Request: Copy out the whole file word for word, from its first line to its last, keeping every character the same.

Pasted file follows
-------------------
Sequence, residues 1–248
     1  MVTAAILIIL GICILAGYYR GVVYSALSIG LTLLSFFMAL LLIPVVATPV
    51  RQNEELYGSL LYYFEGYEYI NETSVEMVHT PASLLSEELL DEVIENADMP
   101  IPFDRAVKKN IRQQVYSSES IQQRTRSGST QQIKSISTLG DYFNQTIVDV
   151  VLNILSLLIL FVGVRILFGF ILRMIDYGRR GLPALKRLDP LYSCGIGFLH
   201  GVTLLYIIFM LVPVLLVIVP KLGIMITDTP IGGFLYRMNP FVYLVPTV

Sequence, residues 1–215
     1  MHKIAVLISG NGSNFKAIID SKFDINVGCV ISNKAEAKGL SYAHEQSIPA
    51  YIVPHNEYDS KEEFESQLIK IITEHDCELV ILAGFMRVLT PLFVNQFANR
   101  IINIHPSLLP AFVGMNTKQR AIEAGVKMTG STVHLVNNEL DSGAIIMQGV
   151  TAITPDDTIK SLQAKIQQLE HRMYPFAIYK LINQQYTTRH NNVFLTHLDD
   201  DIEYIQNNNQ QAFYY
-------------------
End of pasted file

Sequence, residues 1–248
     1  MVTAAILIIL GICILAGYYR GVVYSALSIG LTLLSFFMAL LLIPVVATPV
    51  RQNEELYGSL LYYFEGYEYI NETSVEMVHT PASLLSEELL DEVIENADMP
   101  IPFDRAVKKN IRQQVYSSES IQQRTRSGST QQIKSISTLG DYFNQTIVDV
   151  VLNILSLLIL FVGVRILFGF ILRMIDYGRR GLPALKRLDP LYSCGIGFLH
   201  GVTLLYIIFM LVPVLLVIVP KLGIMITDTP IGGFLYRMNP FVYLVPTV

Sequence, residues 1–215
     1  MHKIAVLISG NGSNFKAIID SKFDINVGCV ISNKAEAKGL SYAHEQSIPA
    51  YIVPHNEYDS KEEFESQLIK IITEHDCELV ILAGFMRVLT PLFVNQFANR
   101  IINIHPSLLP AFVGMNTKQR AIEAGVKMTG STVHLVNNEL DSGAIIMQGV
   151  TAITPDDTIK SLQAKIQQLE HRMYPFAIYK LINQQYTTRH NNVFLTHLDD
   201  DIEYIQNNNQ QAFYY